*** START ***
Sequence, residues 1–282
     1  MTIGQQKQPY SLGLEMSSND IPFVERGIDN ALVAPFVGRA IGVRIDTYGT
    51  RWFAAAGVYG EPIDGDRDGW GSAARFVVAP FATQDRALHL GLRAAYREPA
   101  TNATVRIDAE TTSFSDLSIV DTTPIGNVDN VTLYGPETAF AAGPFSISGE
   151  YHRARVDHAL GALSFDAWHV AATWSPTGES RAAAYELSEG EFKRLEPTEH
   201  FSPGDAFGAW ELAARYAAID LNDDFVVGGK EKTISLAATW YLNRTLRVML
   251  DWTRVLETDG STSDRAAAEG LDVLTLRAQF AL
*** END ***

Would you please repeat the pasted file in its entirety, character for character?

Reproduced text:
Sequence, residues 1–282
     1  MTIGQQKQPY SLGLEMSSND IPFVERGIDN ALVAPFVGRA IGVRIDTYGT
    51  RWFAAAGVYG EPIDGDRDGW GSAARFVVAP FATQDRALHL GLRAAYREPA
   101  TNATVRIDAE TTSFSDLSIV DTTPIGNVDN VTLYGPETAF AAGPFSISGE
   151  YHRARVDHAL GALSFDAWHV AATWSPTGES RAAAYELSEG EFKRLEPTEH
   201  FSPGDAFGAW ELAARYAAID LNDDFVVGGK EKTISLAATW YLNRTLRVML
   251  DWTRVLETDG STSDRAAAEG LDVLTLRAQF AL